For readers who think this reads as prematurely triumphant, rest assured that I know the emergency continues. We aren’t yet done the Canadian vaccination campaign, and I support continuing reasonable public-health measures on a local basis until that effort substantially wraps up. (That will be sooner than people think, I suspect, or at least sooner than they’re emotionally prepared for.) After we’re done Canada, we’ve got an entire planet to vaccinate. This isn’t purely charity or altruism. Until COVID-19 is brought to heel everywhere, there’ll be a risk of new variants emerging that can defeat our vaccines. There’s going to be a period of heightened vigilance and alert, perhaps a long period, as we watch for new variants and hopefully keep a keener eye peeled for other emerging threats so that we don’t get knocked on our collective butts the next time a virus goes squirrelly on us.
So yes, I know this isn’t over for everyone. And I know there’s going to be a long period of decompression and alert after this. But for me, and for millions of Canadians like me who believe in the power of these vaccines and who rolled up their sleeves for a jab or two, our personal experience of this pandemic is changing. And once you’ve got many millions of people all having different personal experiences, that will lead, inevitably, to a different societal perspective and response. Some people will be forever changed by this — well, actually, strike that. We’ll all be changed by this: it’s been too big and too sustained an event to not reshape our worldviews. But what I mean is that some people will have a harder time than others returning to something like normal, and some, including those with health conditions or loved ones who are at particularly high risk or who cannot be vaccinated, will have a very different experience than most.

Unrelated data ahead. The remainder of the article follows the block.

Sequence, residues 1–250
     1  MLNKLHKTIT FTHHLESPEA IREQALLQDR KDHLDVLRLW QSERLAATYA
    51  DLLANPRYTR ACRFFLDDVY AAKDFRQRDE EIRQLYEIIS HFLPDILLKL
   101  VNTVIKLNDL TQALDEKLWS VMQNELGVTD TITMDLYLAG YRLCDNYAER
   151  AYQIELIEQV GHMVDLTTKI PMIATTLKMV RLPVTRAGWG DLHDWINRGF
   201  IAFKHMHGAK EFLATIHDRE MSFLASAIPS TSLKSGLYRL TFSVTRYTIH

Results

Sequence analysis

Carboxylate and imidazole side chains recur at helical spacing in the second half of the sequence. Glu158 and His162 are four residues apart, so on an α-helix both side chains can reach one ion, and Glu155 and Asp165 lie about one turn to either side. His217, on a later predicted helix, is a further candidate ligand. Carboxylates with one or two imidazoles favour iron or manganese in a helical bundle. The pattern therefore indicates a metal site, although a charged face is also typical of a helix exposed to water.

But note that word — most. Most of us are exiting this long period of anxiety and uncertainty. A month or so from now, we’ll be down to the mopping-up.
What that phase might look like fascinates me. Here at TVO.org, after I take a short vacation, I’m going to spend some time asking experts how this transition is going to play out and what we’ll have to focus on and be mindful of. I’m not necessarily interested in where we’ll be, say, five years from now. We’ll all just have to wait and see. But what about five months from now — say, the end of this year? What will those early months after we wrap up the vaccination campaign look like?
Well, stay tuned. I’ll be bringing you some of those perspectives soon. But first, some time off, taken with gratitude and relief that modern science has helped bring this weird era in history to at least something like a close for me and mine. And now? I’m off to erase those numbers from my white board. I won’t miss them.